Even worse, the current low-income education environment of increased child poverty, homelessness, malnutrition, and shrinking school budgets have increased class sizes and obstacles to educational success. Yet in the face of all these obstacles, TFA still promotes a “waiting for Superman (or Superwoman)” narrative in which all can be overcome by the diligence of dedicated young teachers from elite schools who know how to succeed.
No wonder TFA is so popular with wealthy donors. It helps explain why developers have given the program office space in renovated historic commercial buildings in Baltimore and Philadelphia intended to also house teachers, despite the short-term, two-year commitment for TFA participants.
Demoralizing Young People
Unfortunately, TFA often demoralizes the idealistic young people attracted to the program. And while I have read testimonials from teachers thrilled by the experience, I have spoken to many TFA veterans and am struck by the similarity of their stories.
First, TFA teachers get little to no support at the school site. While many question TFA’s putting a recent college grad in a classroom after TFA’s basic five week training period, the lack of post-placement support leaves these young people adrift.
Second, TFA teachers are routinely placed in overcrowded classrooms that would be challenging even for veteran teachers.
Third, TFA teachers are disproportionately placed in failing schools that suffer from weak or dysfunctional leadership.
The TFA teachers I have encountered have not come away from their experience believing, as the program’s website describes, that they have been part of a “movement of leaders who will help drive change at every level of our education system toward the goal of closing the achievement gap.” To the contrary, they are left believing that the public school system is more troubled than they realized and that closing the achievement gap involves addressing broader poverty issues that teachers are helpless to solve.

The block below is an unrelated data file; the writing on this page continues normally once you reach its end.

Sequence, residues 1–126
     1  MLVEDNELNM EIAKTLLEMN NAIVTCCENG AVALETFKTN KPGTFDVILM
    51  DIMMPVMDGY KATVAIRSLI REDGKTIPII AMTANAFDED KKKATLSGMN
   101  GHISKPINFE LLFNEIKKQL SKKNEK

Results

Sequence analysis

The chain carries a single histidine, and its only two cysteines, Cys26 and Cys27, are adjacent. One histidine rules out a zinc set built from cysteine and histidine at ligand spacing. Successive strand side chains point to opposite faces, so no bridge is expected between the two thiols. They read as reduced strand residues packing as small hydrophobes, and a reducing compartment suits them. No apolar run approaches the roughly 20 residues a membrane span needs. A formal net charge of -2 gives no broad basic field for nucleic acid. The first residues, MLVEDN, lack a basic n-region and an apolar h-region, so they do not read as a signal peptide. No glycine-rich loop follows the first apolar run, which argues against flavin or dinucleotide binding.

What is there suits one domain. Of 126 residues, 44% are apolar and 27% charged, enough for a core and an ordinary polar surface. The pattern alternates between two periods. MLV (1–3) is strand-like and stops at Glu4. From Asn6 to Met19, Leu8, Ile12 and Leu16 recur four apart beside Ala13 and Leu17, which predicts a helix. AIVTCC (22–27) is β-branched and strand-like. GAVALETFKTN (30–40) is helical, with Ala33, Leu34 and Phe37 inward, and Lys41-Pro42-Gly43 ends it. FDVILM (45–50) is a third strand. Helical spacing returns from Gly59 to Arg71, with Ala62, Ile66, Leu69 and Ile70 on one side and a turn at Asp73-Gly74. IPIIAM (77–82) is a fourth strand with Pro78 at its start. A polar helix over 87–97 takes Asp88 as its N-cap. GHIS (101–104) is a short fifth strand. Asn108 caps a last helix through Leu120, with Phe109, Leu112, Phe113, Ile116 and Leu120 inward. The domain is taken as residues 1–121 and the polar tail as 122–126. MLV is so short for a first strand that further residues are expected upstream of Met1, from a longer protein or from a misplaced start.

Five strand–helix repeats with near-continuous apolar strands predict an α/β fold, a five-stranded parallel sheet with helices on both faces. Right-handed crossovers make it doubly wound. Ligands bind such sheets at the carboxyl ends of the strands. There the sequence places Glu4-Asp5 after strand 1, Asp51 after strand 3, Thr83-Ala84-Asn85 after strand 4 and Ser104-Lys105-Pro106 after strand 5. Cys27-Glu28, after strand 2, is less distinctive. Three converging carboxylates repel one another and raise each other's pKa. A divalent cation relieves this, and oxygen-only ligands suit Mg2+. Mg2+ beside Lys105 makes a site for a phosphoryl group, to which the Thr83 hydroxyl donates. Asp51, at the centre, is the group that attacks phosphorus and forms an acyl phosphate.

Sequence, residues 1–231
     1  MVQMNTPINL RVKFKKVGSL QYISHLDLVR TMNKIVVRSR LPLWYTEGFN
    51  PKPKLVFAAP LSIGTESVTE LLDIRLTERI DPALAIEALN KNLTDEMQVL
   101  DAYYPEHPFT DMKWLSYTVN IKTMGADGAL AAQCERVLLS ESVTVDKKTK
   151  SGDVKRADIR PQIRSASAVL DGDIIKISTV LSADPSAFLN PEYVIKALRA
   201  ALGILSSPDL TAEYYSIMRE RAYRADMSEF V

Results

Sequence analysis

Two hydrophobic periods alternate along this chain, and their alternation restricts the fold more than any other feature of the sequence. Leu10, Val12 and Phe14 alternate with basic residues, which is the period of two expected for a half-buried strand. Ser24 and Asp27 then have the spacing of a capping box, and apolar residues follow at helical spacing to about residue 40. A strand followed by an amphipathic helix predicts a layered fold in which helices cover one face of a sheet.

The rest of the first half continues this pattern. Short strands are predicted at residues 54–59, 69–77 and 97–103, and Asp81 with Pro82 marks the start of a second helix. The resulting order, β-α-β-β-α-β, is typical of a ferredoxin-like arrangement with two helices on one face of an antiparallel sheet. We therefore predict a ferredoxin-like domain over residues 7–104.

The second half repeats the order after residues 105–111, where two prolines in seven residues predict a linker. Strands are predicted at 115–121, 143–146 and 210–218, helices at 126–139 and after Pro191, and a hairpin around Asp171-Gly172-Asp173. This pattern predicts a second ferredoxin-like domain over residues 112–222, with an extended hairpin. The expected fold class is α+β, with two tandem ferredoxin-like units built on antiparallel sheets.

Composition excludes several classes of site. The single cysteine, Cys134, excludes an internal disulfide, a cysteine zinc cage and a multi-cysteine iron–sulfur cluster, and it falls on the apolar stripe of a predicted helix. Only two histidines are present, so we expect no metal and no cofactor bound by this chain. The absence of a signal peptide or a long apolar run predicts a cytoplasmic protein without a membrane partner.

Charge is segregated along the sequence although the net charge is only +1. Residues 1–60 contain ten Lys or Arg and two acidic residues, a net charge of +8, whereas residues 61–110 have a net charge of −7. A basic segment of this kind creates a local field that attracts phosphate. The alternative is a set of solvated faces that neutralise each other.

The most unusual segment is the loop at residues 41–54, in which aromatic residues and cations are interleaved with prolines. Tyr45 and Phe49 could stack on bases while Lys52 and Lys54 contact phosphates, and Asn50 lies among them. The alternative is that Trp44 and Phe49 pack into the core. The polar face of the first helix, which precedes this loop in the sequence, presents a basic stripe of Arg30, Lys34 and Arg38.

By throwing top quality young people into circumstances where they cannot succeed, TFA drives many people away from teaching and educational reform altogether. Young people are willing to put up with adversity where they feel they are making a difference, but TFA leaves far too many despairing over the barriers to change.
TFA’s success depends on the enactment of a broader anti-poverty agenda, but it cannot openly acknowledge this without undermining its case with funders. So it continues to recruit and burn-out young people, while becoming the leading source of “guest workers” for urban schools.
I understand that young graduates have so few options for paid work combating social and economic injustice that Teach for America jobs will remain highly prized. And for those who want to teach for two years before heading off to law or business school, the program offers a good transition.
But TFA is not about “movement building,” and those seeking real ways to make a real difference in the world should look elsewhere.
Randy Shaw is the author of The Activist’s Handbook and Beyond the Fields: Cesar Chavez, the UFW and the Struggle for Justice in the 21st CenturyFiled under: Archive